We need to realize that the Holy Spirit, who is as much a person as God is a person, is walking through these grounds.
The Holy Spirit is a Person, for He beareth witness with our spirits that we are the children of God.…
The Holy Spirit has a personality, else He could not bear witness to our spirits and with our spirits that we are the children of God. He must also be a divine person, else He could not search out the secrets which lie hidden in the mind of God (Ibid, pp. 616, 617).
The prince of the power of evil can only be held in check by the power of God in the Third Person of the Godhead, the Holy Spirit (Ibid, p. 617).
The Comforter is called ‘the Spirit of truth.’ His work is to define and maintain the truth. He first dwells in the heart as the Spirit of truth, and thus He becomes the Comforter.… Through the Scriptures the Holy Spirit speaks to the mind, and impresses truth upon the heart. Thus He exposes error, and expels it from the soul.…
Sin could be resisted and overcome only through the mighty agency of the Third Person of the Godhead, who would come with no modified energy, but in the fullness of divine power (The Desire of Ages, p. 671).
Evil had been accumulating for centuries and could only be restrained and resisted by the mighty power of the Holy Spirit, the Third Person of the Godhead, who would come with no modified energy, but in the fullness of divine power (Testimonies to Ministers, p. 392).
He [Christ] determined to give His Representative, the Third Person of the Godhead. This gift could not be excelled (My Life Today, p. 36).
The Godhead was stirred with pity for the race, and the Father, the Son, and the Holy Spirit gave Themselves to the working out of the plan of redemption (Counsels on Health, p. 222).
The Eternal Pre-Existence of Jesus Christ
The clearest Biblical passage contradicting the Arian view of Christ’s divinity is found in Micah 5:2:
But thou, Bethlehem Ephratah, though thou be little among the thousands of Judah, yet out of thee shall He come forth unto Me that is to be Ruler in Israel; whose goings forth have been from of old, from everlasting.
The New Testament likewise says of Christ, “In him dwelleth all the fulness of the Godhead bodily” (Colossians 2:9). Elsewhere Paul writes: “And without controversy great is the mystery of godliness: God was manifest in the flesh” (1 Timothy 3:16). The New Testament leaves no doubt whatsoever that Jesus was—and is—fully God.
Ellen White speaks even more decisively concerning this subject:
In Christ is life, original, unborrowed, underived (The Desire of Ages, p. 530).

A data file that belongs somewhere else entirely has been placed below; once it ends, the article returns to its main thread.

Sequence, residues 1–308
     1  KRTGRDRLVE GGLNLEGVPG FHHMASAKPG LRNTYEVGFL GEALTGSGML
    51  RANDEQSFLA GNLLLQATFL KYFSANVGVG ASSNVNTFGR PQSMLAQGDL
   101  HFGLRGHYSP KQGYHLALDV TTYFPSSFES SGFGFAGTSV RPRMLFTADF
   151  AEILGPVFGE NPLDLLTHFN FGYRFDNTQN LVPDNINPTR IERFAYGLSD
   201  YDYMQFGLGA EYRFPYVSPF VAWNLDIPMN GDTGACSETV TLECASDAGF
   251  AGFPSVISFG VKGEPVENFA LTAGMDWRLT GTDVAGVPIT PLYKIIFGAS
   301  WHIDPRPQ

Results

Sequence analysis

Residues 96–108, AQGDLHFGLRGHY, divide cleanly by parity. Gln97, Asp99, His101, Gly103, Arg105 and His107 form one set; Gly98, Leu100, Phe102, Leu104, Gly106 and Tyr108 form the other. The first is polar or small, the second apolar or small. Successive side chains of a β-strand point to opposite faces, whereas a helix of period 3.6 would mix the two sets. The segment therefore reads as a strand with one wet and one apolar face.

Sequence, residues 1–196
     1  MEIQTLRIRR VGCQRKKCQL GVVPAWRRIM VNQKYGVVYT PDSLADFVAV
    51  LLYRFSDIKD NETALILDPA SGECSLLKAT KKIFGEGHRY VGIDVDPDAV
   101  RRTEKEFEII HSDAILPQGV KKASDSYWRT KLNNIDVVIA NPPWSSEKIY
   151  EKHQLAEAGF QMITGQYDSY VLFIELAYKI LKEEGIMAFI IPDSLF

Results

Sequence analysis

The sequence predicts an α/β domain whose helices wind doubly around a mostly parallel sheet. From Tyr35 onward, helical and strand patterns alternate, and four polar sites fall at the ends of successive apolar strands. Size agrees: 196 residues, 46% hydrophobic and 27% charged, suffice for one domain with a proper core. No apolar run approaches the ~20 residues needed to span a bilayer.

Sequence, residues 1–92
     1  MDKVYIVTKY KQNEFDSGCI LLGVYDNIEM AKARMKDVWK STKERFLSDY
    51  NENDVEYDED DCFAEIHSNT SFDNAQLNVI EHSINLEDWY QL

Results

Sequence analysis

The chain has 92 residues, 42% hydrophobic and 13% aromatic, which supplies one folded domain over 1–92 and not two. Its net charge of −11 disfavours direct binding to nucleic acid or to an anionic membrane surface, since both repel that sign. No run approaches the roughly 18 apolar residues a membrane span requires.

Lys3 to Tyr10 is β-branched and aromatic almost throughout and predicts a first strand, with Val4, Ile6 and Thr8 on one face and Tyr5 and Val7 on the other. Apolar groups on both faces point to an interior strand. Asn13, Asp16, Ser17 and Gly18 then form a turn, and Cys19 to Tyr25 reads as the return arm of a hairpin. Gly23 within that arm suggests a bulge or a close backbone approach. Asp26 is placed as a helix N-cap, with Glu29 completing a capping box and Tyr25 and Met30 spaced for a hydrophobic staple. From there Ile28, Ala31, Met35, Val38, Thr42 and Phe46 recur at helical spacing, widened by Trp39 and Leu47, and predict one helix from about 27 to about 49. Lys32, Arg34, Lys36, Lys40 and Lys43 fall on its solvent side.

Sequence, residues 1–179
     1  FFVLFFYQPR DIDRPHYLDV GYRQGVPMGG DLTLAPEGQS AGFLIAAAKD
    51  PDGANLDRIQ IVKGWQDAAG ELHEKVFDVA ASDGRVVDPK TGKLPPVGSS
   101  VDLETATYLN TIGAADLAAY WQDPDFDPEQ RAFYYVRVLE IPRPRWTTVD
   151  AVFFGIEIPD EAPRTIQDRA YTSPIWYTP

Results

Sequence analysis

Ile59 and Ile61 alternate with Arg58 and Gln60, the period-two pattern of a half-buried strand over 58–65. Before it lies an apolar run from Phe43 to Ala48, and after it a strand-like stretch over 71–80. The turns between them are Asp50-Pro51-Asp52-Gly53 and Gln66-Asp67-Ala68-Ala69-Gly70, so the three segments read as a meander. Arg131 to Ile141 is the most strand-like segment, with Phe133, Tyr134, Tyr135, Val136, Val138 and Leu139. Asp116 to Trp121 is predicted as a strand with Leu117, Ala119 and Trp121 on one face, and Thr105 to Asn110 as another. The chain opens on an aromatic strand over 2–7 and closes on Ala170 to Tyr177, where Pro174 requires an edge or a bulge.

The name of God, given to Moses to express the idea of the eternal presence, had been claimed as His own by this Galilean Rabbi. He had announced Himself to be the self-existent One, He who had been promised to Israel, ‘whose goings forth have been from of old, from the days of eternity.’ Micah 5:2, margin (Ibid, pp. 469, 470).
From the days of eternity the Lord Jesus Christ was one with the Father; He was ‘the image of God,’ the image of His greatness and majesty, ‘the outshining of His glory’ (Ibid, p. 19).
When Christ passed within the heavenly gates, He was enthroned amidst the adoration of the angels. As soon as this ceremony was completed, the Holy Spirit descended upon the disciples in rich currents, and Christ was indeed glorified, even with the glory which He had with the Father from all eternity (Acts of the Apostles, pp. 38, 39).
The Lord Jesus Christ, the divine Son of God, existed from eternity, a distinct person, yet one with the Father. He was the surpassing glory of heaven (Review and Herald, April 5, 1906).
In speaking of His pre-existence, Christ carries the mind back through dateless ages. He assures us that there never was a time when He was not in close fellowship with the eternal God (Signs of the Times, August 29, 1900).
Here Christ shows them that, although they might reckon His life to be less than fifty years, yet His divine life could not be reckoned by human computation. The existence of Christ before His incarnation is not measured by figures (Ibid., May 3, 1899).
From all eternity Christ was united with the Father, and when He took upon Himself human nature, He was still one with God (Selected Messages, vol. 1, p. 228).
The Word existed as a divine being, even as the eternal Son of God, in union and oneness with His Father. From everlasting He was the Mediator of the covenant, the One in whom all nations of the earth, both Jews and Gentiles, if they accepted Him, were to be blessed.…
Christ was God essentially, and in the highest sense. He was with God from all eternity, God over all, blessed forevermore (Review and Herald, April 5, 1906).